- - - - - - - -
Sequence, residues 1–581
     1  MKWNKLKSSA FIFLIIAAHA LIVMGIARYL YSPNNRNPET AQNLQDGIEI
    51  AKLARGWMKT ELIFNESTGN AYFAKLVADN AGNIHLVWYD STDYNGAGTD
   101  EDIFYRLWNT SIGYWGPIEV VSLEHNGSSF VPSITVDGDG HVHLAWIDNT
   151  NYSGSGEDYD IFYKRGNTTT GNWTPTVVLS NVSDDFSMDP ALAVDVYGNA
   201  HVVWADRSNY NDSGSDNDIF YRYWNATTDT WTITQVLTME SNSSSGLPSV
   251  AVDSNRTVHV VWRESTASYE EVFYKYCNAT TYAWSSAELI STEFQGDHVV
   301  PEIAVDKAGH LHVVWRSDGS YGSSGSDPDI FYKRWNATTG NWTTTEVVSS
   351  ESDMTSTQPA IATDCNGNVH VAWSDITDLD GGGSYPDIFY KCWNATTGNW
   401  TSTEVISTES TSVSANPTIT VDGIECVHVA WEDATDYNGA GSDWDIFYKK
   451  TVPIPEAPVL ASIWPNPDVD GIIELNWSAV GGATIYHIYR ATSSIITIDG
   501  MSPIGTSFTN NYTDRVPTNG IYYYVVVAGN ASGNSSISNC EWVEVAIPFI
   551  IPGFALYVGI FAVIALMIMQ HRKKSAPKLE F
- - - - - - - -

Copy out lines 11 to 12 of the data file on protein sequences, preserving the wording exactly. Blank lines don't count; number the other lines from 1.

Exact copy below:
   451  TVPIPEAPVL ASIWPNPDVD GIIELNWSAV GGATIYHIYR ATSSIITIDG
   501  MSPIGTSFTN NYTDRVPTNG IYYYVVVAGN ASGNSSISNC EWVEVAIPFI